New #cosmology paper: https://arxiv.org/pdf/1609.01310.pdf
I have a talk today at Perimeter Institute: here are the slides.
I basically showed that even a stochastic multiverse must be generated by precise initial conditions!
Most people when talking about cosmology typically talk about the universe in one context, that is, as a particular solution to the Einstein field equations. Part of my research in mathematical cosmology is to try to determine whether the present-day universe which we observe to be very close to spatially flat and homogeneous, and very close to isotropic could have emerged from a more general geometric state.
What is often not discussed adequately is the fact that not only has our universe emerged from special initial conditions, but the fact that these special initial conditions also must include the geometry of the early universe, and the type of matter in the early universe. Below, I have attached a simulation that shows how the early universe can evolve to different possible states depending on the type of physical matter parametrized by an equation of state parameter . In particular, some examples are:
- : Vacuum energy
- : Radiation
- : Stiff Fluid
Note: Click the image below to access the simulation!
In these simulations, we present phase plots of solutions to the Einstein field equations for spatially homogeneous and isotropic flat, hyperbolic, and closed universe geometries. The different points are:
- dS: de Sitter universe – Inflationary epoch
- M: Milne universe
- F: spatially flat FLRW universe – our present-day universe
- E: Einstein static universe
Note how by changing the value of , the dynamics lead to different possible future states. Dynamical systems people will recognize the problem at hand requires one to determine for which values of is F a saddle or stable node.
I tried to derive a general Einstein field equation for an arbitrary FLRW cosmology. That is, one that can handle any of the possible spatial curvatures: hyperbolic, spherical, or flat. Deriving the equation was easy, solving it was not! It ends up being a nonlinear, second-order ODE, with singularities at a=0, which turns out to be the Big Bang singularity, which obviously is of physical significance. Anyways, here’s a log of my notebook, showing the attempts. More to follow!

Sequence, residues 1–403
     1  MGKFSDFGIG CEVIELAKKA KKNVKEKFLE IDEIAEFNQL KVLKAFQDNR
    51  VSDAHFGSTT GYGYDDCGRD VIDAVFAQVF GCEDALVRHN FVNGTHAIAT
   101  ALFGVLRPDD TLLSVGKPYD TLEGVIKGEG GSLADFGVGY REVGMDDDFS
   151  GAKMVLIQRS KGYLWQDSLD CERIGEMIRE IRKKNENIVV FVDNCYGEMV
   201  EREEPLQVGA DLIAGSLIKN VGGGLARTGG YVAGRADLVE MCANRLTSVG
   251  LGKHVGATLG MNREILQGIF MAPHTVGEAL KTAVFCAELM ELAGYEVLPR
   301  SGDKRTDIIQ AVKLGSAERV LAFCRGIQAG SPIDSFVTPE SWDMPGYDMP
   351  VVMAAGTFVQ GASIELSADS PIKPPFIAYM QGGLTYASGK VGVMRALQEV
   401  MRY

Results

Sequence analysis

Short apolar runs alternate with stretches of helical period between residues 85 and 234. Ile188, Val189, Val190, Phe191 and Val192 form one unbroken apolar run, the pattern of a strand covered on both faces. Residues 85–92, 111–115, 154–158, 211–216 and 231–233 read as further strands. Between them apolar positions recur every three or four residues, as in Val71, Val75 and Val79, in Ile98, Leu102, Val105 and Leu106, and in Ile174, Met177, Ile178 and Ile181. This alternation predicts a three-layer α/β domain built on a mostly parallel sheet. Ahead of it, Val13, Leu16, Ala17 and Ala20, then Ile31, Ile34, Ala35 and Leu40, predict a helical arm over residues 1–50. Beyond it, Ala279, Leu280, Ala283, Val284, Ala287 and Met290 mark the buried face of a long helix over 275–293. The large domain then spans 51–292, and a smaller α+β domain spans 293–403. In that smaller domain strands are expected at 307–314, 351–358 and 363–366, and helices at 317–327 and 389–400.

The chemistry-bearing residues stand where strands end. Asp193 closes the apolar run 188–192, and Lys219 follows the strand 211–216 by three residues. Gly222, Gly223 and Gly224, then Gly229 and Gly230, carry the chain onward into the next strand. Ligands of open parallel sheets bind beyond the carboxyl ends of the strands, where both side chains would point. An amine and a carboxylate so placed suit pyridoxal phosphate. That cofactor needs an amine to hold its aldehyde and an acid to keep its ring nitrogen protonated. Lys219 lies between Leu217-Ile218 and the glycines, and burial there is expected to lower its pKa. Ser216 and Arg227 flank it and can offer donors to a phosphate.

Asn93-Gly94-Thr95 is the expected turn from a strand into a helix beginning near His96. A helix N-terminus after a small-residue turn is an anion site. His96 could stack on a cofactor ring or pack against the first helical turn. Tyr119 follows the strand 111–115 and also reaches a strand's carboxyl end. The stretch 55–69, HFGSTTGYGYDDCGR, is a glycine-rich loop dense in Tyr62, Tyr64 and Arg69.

My new paper has now been published in Annalen der Physik, which is a great honour, because 100 years ago, Einstein’s General Theory of Relativity was also published in the same journal.
This paper describes a method by which one is able to determine whether a given spatially flat cosmological model produces finite-time singularities, and also gives some examples of interesting cosmological model configurations.
The paper can be accessed by clicking the image below:
The preprint can be accessed here on the arXiv.
What goes into making a cosmological model? Here is a presentation (that was part of my Ph.D. dissertation) that I have reproduced and embedded here to describe what actually goes into the making of a cosmological model. After describing some general properties, I describe specifically a early-universe model that contains a viscous fluid and a magnetic field.
The background mathematics can be found in this old presentation of mine here:
Since I expect the concept of gravitational waves to once become very popular in the next few days, I wrote some quick notes on them, I.e., where they come from. They are handwritten, as I didn’t have time to LaTeX them, but, hopefully, they’ll be useful to interested readers!
Also note that, gravitational waves are not necessarily evidence of inflation. I wrote a paper a few years ago, describing a anisotropic early universe that had an epoch of plane waves that isotropized to our present-day universe. It can be seen here. It was subsequently published in Physical Review D.
Anyways, here are the notes (Interested readers should see the classic texts by Misner, Thorne, Wheeler, Landau and Lifshitz, or Stephani for more details).